The Perfect Enemy | How a Covid-19 testing company accused of sloppiness, fraud and profiteering kept expanding
August 11, 2022

How a Covid-19 testing company accused of sloppiness, fraud and profiteering kept expanding

How a Covid-19 testing company accused of sloppiness, fraud and profiteering kept expanding  APM ReportsView Full Coverage on Google News

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In late January, as the Omicron variant spread across the U.S., a company named GS Labs sent out a press release boasting that it had performed its “one millionth Covid-19 test.” Based in Nebraska, GS Labs began administering rapid Covid tests in October 2020 from a single location in Omaha and has since offered testing in at least 21 states. The founders had launched the company, according to the press release, after their friends and family couldn’t find tests following a Covid exposure.

“Initially, this was personal for us,” Kirk Thompson, a partner with the company, said in the press release. “At a time when the national healthcare system was unable to provide testing for communities, families and individuals in need, we stepped up.”

But public health officials and residents in a number of those communities have a very different view of GS Labs.

“It was dumpster fire after dumpster fire,” said Matt Wyant, who oversees the health department in Pottawattamie County, in western Iowa, where GS Labs operated a testing location in late 2020 and early 2021.

“[It] makes me so angry that they brought their greed to our community,” wrote Melissa Pond, then program manager for Clark County, Washington’s Covid-19 response team, in an email to colleagues last June about flaws in GS Labs’ operation there. “Clearly they just popped up to make money knowing they would fly under the radar as long as possible and close their doors when someone caught them!”

“GS Labs is committing insurance fraud and price gouging,” wrote Teresa Jenson in a consumer complaint to the Missouri Attorney General’s office in August 2021. In her complaint, which was obtained through a public records request, she alleges that the company made misleading statements and billed her insurance $810 for each rapid Covid test.

Some of the harshest assessments came from GS Labs’ former employees. They described a company with a range of flaws that was focused on maximizing profit. That focus on revenue included pushing customers to get unnecessary tests so the company could earn more money from insurance. One former site manager from Missouri described the GS Labs site where she worked as “a complete disaster.”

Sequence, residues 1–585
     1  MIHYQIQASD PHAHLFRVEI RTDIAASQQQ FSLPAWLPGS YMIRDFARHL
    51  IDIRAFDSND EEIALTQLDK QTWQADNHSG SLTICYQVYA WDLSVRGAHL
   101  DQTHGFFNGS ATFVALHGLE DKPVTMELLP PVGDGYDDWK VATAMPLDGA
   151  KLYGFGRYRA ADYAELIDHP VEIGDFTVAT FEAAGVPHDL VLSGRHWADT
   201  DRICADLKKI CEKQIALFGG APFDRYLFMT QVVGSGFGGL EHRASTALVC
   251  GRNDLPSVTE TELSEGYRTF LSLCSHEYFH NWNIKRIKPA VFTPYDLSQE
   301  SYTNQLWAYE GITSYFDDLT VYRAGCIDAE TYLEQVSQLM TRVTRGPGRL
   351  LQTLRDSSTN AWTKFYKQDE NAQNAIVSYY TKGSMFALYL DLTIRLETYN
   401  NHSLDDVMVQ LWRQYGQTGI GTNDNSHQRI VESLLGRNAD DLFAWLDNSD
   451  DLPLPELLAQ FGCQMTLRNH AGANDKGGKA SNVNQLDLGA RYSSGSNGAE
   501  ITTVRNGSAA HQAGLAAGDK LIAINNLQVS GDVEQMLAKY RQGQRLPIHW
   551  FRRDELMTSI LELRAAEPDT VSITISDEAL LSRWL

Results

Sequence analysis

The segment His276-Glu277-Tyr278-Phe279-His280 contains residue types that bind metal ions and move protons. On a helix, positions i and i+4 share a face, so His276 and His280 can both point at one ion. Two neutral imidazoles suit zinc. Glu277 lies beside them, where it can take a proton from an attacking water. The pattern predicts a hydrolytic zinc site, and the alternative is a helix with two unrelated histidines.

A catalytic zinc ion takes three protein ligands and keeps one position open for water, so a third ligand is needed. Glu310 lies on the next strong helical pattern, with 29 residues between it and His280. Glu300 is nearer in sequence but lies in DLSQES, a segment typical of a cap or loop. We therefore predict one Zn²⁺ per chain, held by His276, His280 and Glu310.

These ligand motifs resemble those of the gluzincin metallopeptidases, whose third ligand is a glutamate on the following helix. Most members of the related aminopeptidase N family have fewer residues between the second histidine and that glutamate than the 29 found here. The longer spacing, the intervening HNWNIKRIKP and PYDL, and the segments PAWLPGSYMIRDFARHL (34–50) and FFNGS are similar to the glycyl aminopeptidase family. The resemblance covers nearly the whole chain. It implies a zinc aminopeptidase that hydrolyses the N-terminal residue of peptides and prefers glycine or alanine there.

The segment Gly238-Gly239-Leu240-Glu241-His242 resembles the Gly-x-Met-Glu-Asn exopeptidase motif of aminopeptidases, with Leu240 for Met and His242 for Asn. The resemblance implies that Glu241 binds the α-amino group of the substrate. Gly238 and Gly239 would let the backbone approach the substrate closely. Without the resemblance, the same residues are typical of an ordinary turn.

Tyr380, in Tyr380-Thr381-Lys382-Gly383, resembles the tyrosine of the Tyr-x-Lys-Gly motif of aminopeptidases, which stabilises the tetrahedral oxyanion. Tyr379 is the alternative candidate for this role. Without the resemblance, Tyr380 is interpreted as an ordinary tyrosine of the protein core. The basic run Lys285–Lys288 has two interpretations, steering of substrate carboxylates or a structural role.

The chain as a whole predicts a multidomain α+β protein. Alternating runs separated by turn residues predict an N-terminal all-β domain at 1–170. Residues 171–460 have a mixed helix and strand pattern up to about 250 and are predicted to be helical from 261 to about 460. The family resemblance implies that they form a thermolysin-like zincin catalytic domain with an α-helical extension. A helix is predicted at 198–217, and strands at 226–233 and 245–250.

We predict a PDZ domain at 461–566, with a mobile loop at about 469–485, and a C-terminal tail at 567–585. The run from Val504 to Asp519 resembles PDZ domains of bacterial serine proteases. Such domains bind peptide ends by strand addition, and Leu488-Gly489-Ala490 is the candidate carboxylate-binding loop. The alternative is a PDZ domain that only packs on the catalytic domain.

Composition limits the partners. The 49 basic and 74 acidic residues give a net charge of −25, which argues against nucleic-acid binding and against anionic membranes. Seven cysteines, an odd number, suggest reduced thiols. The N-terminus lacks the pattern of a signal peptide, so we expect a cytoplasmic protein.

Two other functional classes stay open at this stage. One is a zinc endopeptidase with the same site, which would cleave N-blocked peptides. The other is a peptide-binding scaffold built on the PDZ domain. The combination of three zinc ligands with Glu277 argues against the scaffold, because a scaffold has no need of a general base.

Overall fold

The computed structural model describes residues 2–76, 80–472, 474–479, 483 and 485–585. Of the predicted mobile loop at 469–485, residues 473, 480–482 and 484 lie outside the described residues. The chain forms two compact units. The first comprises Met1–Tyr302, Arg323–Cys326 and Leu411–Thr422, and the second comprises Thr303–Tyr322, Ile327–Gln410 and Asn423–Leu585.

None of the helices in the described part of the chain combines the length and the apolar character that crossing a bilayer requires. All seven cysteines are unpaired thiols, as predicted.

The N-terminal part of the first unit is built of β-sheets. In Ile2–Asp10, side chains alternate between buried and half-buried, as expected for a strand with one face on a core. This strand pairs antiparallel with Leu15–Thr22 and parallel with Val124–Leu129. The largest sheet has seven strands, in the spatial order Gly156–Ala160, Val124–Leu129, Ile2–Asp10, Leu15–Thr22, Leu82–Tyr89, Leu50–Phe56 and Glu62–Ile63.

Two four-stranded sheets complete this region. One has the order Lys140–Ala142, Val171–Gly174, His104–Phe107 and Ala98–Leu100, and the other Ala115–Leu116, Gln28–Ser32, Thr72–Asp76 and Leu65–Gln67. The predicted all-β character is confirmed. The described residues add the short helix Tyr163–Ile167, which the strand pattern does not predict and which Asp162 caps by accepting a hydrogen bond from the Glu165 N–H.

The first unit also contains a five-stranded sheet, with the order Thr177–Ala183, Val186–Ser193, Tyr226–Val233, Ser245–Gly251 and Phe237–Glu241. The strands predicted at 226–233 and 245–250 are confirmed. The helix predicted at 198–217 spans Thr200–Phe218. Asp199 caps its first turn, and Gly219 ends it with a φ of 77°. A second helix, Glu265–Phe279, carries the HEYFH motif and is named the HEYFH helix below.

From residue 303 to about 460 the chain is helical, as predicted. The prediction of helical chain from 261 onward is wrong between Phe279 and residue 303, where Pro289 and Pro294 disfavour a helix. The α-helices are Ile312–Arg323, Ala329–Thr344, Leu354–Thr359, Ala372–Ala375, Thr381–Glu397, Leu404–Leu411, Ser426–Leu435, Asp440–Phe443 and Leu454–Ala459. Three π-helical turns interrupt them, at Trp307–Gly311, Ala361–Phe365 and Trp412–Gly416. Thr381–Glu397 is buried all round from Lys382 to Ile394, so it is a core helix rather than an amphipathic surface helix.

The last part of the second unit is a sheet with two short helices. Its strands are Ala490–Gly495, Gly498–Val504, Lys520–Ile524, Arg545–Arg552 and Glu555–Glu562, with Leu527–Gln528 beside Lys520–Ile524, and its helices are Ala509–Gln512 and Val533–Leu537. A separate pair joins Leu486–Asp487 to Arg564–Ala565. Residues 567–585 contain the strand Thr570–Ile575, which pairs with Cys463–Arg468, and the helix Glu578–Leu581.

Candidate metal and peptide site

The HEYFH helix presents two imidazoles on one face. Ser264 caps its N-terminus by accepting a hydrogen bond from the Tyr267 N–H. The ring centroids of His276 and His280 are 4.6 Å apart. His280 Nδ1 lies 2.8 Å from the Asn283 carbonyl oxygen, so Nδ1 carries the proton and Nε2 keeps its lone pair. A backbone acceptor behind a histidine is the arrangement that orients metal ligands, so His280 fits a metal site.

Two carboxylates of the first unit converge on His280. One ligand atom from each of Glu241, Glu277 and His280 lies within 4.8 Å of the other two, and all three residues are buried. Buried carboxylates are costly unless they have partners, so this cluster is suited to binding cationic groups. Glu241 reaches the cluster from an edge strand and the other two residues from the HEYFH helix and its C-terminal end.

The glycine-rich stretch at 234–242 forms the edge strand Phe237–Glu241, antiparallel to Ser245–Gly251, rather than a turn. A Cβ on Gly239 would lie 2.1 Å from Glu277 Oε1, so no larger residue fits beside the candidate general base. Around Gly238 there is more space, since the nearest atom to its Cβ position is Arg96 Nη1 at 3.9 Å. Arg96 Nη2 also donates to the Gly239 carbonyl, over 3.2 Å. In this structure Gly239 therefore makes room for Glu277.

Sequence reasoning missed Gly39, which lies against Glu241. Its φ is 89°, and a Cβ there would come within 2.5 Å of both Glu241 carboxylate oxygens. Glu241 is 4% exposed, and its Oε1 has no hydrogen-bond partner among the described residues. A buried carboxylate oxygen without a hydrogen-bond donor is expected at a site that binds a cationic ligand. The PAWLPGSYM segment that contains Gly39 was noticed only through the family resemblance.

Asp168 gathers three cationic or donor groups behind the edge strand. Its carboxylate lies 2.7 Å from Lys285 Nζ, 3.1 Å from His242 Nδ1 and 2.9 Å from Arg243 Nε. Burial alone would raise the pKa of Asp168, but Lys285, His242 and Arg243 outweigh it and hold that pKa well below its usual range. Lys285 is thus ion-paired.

A team of journalists with APM Reports spent nearly a year investigating GS Labs. Reporters interviewed more than 65 customers, former employees and public health professionals, and reviewed thousands of pages of public documents. The investigation found:

  • The company was slow to inform public health officials in several states about positive cases, hindering contact tracing. In addition, GS Labs has made serious errors. While the privacy of patient information makes it difficult to know the extent of the problems, APM Reports has found a few instances in which consumers believed they’d tested negative when they in fact had Covid-19. Some consumers received other people’s results, and still others never received any results or received results so delayed that it made the tests useless.

  • GS Labs was at times overwhelmed by the number of tests it was processing, leading to huge backlogs and delays in giving people results. When the Delta variant was circulating last summer, the company didn’t test some samples for about a month, leaving them stored in freezers, because of a spike in testing volume. During the Omicron surge in December, GS Labs notified health officials in Minnesota that the company had a backlog of nearly 28,000 results from patients who were tested up to five weeks earlier, some of whom never received results.

  • The company halted PCR testing for several months last fall around the time that federal inspectors found that a lab operated by GS Labs in Omaha posed “immediate jeopardy,” potentially putting patients at risk for serious harm. It’s the most severe assessment under federal lab regulations.

  • Health officials from three states said that GS Labs’ work was frequently slower and less reliable than other labs. One health official in Washington state said no other company came close.